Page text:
I work in the medical field and at least 50% of my patients are overweight if not obese. It is a crisis in the US and most of the Westernized countries. We counsel them on smoking and alcohol, but what about weight? What is your reaction to someone or a medical practitioner telling you to lose weight? Most of the responses I get are eye rolls (and I'm very delicate about how I address it), but what would cause someone to wake up and understand that its more than just aesthetics and more about health in general. The majority of the ailments I see can be directly correlated with being overweight or obese. Any thoughts? Any one who has had this happen and actually take the advice and be a success story? TIA

    I'm in Canada. And I've developed some health issues and have other ones in my family that were, if not caused by obesity, definitely not helped by it. My father and younger sister have both had bariatric surgery. When my parents visited me in September, my dad urged me to get onto that list, too. I refused. Well, I blew him off, telling him I'd think about it.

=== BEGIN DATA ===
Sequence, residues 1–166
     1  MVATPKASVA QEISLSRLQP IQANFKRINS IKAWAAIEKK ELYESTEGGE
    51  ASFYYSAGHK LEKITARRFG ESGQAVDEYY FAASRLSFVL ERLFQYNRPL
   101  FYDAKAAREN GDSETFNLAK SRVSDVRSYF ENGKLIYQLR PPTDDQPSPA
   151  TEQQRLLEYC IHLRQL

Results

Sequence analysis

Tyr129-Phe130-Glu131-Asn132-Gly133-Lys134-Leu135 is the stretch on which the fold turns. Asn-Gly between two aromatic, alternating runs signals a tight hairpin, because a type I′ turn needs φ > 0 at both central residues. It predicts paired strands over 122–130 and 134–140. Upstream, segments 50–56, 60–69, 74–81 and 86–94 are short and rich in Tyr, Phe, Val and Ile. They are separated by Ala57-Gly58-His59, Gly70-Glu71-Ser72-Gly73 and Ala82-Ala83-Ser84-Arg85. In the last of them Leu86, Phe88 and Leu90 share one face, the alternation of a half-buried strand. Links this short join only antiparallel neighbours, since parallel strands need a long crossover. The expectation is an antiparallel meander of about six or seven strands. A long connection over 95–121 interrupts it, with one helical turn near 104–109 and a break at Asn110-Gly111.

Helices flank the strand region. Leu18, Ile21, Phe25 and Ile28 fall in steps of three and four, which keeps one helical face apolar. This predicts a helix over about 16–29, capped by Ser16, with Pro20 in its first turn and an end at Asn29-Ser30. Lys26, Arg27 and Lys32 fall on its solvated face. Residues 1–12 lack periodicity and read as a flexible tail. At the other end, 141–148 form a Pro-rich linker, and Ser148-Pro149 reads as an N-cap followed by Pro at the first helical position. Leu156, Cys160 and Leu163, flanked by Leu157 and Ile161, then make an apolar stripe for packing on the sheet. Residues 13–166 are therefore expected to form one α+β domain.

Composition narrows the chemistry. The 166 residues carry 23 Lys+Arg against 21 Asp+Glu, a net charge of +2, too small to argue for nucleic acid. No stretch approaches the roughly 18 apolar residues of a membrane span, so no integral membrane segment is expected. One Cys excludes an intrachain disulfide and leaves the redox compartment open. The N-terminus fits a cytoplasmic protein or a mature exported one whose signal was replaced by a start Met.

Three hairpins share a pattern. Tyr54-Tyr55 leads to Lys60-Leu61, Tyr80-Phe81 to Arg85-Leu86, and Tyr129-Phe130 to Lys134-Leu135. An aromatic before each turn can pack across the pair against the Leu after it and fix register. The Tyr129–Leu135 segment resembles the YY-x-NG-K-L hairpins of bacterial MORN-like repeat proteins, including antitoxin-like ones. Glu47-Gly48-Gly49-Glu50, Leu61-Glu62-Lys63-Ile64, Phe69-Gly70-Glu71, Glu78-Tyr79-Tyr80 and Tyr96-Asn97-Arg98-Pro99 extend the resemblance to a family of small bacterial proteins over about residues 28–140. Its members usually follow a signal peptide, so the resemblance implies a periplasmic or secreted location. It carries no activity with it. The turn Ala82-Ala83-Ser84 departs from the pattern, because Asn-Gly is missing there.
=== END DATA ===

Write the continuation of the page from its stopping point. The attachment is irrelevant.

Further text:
The thing is, at that point, I had somehow contracted cellulitus. While that was being treated, I also developed lymphedema, which led to having nurses come daily to change the dressings, 7 courses of antibiotics (not counting the IV I got in the emergency room when I was diagnosed with cellulitus). (2 courses to treat the cellulitus and because the lymphedema improved slightly on the first course, but didn't respond as well to the second. At that point, they cultured the wound and put me on one course of a different antibiotic. That didn't work and they still didn't have the lab results back, so they tried a third one. That one didn't work either, but by then they had the results and it took 3 courses of the right antibiotic to finally get the wound to heal).